When an apple falls from the tree
When Apple's long-serving CEO Steve Jobs finally said iQuit (sorry, no more puns), Apple's stock shed billions.
News of his departure resulted in some $17.7 billion being wiped from its stock value and Standard & Poor's 500 Index taking an even heavier hit, losing more than $52 billion.
An extraordinary amount for just one company CEO. But why did this happen and are there lessons we can learn?
In recent years, investors have heavily tied the success of Apple to Jobs' medical condition, often more than its product innovation.
This is probably because Jobs held that rarest of traits - a CEO who actually had a major impact on the company.
The traits and behaviour of company leaders are today, for better or worse, closely linked to a company's brand and, in return, its success.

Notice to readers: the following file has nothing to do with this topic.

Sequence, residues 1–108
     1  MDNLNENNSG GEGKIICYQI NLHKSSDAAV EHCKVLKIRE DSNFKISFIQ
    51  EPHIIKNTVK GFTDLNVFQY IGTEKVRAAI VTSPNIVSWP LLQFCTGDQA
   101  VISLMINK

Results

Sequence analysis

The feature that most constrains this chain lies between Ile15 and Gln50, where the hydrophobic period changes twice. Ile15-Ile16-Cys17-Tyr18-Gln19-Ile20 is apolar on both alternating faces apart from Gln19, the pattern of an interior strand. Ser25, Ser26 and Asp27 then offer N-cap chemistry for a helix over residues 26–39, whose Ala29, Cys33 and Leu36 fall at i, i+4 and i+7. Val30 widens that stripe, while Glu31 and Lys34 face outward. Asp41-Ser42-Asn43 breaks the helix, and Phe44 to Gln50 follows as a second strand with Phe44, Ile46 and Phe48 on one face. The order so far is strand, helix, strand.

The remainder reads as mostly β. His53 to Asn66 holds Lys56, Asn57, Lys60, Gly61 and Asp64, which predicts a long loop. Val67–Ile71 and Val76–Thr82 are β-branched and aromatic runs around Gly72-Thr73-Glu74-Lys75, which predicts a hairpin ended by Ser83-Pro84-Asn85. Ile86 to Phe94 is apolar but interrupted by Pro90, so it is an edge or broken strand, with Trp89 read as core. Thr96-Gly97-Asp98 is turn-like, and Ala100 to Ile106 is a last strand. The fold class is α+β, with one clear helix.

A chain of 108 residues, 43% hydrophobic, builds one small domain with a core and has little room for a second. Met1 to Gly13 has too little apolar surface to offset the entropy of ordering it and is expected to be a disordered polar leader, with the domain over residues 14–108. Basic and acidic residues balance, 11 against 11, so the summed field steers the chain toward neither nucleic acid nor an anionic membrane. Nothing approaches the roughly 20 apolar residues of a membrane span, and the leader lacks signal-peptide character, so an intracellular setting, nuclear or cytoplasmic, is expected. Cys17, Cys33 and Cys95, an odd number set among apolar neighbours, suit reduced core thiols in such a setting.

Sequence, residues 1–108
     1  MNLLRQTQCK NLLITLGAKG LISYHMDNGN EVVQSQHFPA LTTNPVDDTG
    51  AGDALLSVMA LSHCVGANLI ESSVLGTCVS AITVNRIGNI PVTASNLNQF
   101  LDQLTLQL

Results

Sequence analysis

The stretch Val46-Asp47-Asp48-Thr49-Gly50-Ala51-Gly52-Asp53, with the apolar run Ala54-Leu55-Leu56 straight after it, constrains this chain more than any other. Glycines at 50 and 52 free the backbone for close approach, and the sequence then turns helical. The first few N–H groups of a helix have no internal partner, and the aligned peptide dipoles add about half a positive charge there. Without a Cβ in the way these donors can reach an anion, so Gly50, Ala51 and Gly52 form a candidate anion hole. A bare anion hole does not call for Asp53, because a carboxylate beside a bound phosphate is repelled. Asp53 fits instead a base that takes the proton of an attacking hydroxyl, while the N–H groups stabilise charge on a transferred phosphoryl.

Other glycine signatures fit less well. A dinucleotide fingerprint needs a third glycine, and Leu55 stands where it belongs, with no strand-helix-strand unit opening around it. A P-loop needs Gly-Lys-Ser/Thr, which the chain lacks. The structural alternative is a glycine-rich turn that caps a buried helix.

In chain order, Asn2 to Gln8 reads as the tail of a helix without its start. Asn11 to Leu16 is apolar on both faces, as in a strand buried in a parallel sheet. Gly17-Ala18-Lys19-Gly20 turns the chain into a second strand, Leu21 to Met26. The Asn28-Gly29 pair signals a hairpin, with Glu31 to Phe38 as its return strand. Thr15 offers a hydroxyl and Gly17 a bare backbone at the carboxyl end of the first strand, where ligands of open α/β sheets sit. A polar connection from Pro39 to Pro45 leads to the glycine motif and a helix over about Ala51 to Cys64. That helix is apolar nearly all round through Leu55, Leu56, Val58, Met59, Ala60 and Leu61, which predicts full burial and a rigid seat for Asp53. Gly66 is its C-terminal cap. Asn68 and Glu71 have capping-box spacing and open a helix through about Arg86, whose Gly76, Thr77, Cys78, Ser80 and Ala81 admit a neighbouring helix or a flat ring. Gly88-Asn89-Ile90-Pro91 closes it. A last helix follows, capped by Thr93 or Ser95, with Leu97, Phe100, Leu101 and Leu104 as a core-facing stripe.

Think Virgin's CEO Richard Branson, Microsoft's CEO Steve Ballmer and even Alibaba founder and CEO Jack Ma. But the truth is most companies today could replace their CEO without skipping a beat.
CEOs might be ambassadors, ideologists and even visionaries, but they do not control or define their brand.
Jobs, in this particular instance, may have been an enigma. He's obviously not your average CEO and his vision transformed Apple into one of the most innovative and valuable technology companies on the globe.
While Jobs had a clear vision for Apple, he is not the company's only leader. A whole new generation of consumers will continue to buy Apple products, particularly China where it has ambitious expansion plans.
A good CEO is a highly prized asset, but ultimately consumers hold the balance of power.
Festival of Media Asia
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